I’m thrilled to announce the release of my first CD on Cellar Live, Birdhoused. I’m joined by the stellar lineup of Marquis Hill (trumpet), Nick Mazzarella (alto), Joel Adams (trombone), Clark Sommers (bass), and Dana Hall (drums and percussion).
The Green Mill Cocktail Lounge in Chicago is legendary, one of the most storied rooms in the jazz world. Fans rhapsodize about Al Capone and the secret tunnels underneath the club, admire the art deco design flourishes, and glance sidelong at Big Al the bouncer, intimidating with his red leather motorcycle jacket and eye patch (though that’s gone these days). Musicians, while not immune to those charms, love the club for different reasons. Dave Jemilo, the owner for the last 30 years, is chief among these. He loves and respects the music and the musicians. In a business rife with skulduggery, he’s a standup guy, a real mensch. So is Big Al, for that matter, and the rest of the staff and regulars. Playing the Green Mill is a homecoming for those of us who have been part of that family for years. Add to this the excellent sound on stage and an audience that thrills to the blood and sweat of a hard driving band and you have a perfect storm.
So when Cory Weeds called me with the idea of recording a live album in Chicago for Cellar Live, the Green Mill was the hands down choice. The quintet had a weekend booked there just prior to the recording session, so I knew we’d have a chance to work out new music on the bandstand. The maze of scheduling usually involved in making a record resolved itself quickly, with only a few bumps along the way. Marquis Hill made it to town through a blizzard (literally) of airline cancellations and far flung connections. Nick Mazzarrella had filled in for Joel Adams once or twice, and I figured, why not both? Dave Jemilo generously opened the club for us to record in the middle of a blustery March day with our studio audience of Canadian jazz fans and friends.
Our last record, Our Roots, reimagined the music of Lead Belly, Blind Willie Johnson, and the Georgia Sea Island Singers; roots music from the rural South. The material here may seem far removed at first blush, but it’s still about influence and lineage. The first three pieces are arrangements of somewhat lesser known works by 20th century composers spanning popular, jazz and classical genres.
Curtis Mayfield, the architect of Chicago soul, speaks of a city divided in the lyrics of “The Other Side of Town.” As the bridge modulates to a major key in a soaring, uplifting gesture on the original recording, Curtis sings “depression is part of my life,” one of the most bittersweet pairings in popular music.
“Constellation” is my deconstruction of Charlie Parker’s seemingly simple riff on Fats Waller’s “Honeysuckle Rose.” After the layered, polytonal introduction of Bird’s theme, Clark Sommers enters with an additive 5-4-3 rhythm, expanding the standard 8 bar phrases to 12 bars and framing an explosive solo from Marquis Hill before the main statement of Bird’s melody. Nick Mazzarrella and I explore both the new structure and the old before the ensemble returns with the theme.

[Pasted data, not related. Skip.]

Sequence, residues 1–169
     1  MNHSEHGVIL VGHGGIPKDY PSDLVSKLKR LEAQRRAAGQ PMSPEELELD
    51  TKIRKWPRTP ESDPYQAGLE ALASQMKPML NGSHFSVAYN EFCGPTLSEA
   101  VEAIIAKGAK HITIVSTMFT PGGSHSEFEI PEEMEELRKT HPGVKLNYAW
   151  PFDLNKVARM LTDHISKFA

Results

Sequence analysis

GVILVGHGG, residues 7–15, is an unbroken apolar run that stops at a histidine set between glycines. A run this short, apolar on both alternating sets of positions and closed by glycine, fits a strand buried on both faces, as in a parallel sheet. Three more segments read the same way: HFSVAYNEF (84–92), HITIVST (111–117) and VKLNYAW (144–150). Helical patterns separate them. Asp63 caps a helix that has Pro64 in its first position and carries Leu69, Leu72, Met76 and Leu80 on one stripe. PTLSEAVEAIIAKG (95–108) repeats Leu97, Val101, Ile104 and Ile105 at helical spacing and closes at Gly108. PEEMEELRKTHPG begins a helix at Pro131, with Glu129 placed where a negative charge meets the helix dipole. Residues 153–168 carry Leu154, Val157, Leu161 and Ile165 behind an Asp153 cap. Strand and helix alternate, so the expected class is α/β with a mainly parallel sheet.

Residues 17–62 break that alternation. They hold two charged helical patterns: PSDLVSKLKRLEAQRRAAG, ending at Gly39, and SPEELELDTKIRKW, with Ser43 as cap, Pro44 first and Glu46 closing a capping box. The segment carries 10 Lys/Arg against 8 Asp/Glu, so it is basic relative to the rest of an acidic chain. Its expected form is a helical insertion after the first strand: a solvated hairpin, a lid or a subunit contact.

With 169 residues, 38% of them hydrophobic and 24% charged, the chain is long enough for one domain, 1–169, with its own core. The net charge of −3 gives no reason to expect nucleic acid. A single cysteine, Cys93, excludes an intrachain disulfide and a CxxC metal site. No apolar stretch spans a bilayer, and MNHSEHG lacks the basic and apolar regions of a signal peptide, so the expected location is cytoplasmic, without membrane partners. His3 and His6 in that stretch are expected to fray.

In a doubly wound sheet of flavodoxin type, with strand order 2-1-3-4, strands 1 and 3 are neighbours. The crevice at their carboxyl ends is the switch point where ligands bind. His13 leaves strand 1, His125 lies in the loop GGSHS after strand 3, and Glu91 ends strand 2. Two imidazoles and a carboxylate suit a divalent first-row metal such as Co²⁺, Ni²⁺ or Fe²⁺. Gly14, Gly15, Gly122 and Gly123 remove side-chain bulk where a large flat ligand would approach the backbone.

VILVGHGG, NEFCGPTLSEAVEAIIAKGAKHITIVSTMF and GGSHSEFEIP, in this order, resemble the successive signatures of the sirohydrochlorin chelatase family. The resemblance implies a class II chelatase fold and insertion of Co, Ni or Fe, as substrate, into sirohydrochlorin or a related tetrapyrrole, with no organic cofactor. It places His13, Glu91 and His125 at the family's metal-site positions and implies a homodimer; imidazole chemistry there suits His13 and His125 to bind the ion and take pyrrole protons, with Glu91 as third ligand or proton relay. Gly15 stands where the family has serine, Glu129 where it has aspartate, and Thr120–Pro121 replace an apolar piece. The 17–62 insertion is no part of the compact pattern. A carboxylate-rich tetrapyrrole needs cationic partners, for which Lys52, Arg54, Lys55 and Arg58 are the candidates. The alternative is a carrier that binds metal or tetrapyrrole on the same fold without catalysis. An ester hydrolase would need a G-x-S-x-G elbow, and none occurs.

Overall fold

While Hungarian composer Györgi Ligeti was fascinated by African polyrhythm and jazz, his “Sonatina” has little to do with with either. Our version of the impressionistic chorale serves as a platform for Dana Hall to explore percussive sonorities and as an introduction to “Nephila,” inspired by the great Canadian jazz composer Kenny Wheeler. “Fearful Symmetry” pays tribute to yet another iconoclast, coupling Olivier Messiaen’s love for symmetrical scales and rhythms with impressions of Moroccan music that Dana and I have been intrigued by recently.
I was fortunate to study with one of musical heroes, Charlie Haden, at CalArts in the 90s. I first heard Charlie on a Keith Jarett record, Shades, dug out of the recesses of my parents’ record collection from behind more frequently played sides like Roberta Flack or Blood, Sweat and Tears. “Solid Jackson” is my attempt to capture a little of the lyrical, rubato feeling of Jarrett’s American quartet as well as a remembrance of Charlie. “Solid Jackson” was sort of Charlie’s version of “right on,” and his enthusiastic delivery was infectious.
Two tunes inspired by saxophonists round out the set. “Birdhoused” is just what the title says- stolen from Bird. It began its life as a Charlie Parker blues (I’ll leave it to the listener to descry which one), then suffered the indignity of having its rhythms and pitches displaced in relationship to each other and put through a couple other filters. The end result is a 16 bar expansion of the original blues form with mostly 3 bar phrases. Chicago jazz people of a certain age will also recognize a tip of the hat to saxophonist Fred Anderson, who owned a club called the Birdhouse before he opened the more widely known Velvet Lounge.
Clifford Laconia Jordan recorded his own “Laconia” in the 1950s, but I couldn’t resist reusing his mellifluous middle name for this tribute to my fellow Chicago tenor. The fundamental rhythm of Clark Sommers’ bass line is a mirror variation on a typical West African bell pattern, creating a palindromic clave that’s likely a hanging offense in Cuba. Dana and Clark navigate it eloquently.
Every time we finish a weekend at the Green Mill, I’m left feeling that the band reached peaks unobtainable in the rarified atmosphere of the studio and wishing that we’d captured those moments with all of their inevitable imperfections on something higher fidelity than a smartphone. We finally did, and you hold the results in your hand. Or in your smartphone. Either way, I hope the music transports you to Chicago and the Green Mill Cocktail Lounge, where Big Al just took your money and told you to sit down, shut up, and listen to the music. Down a shot of Malört, have a couple two three beers and stay awhile.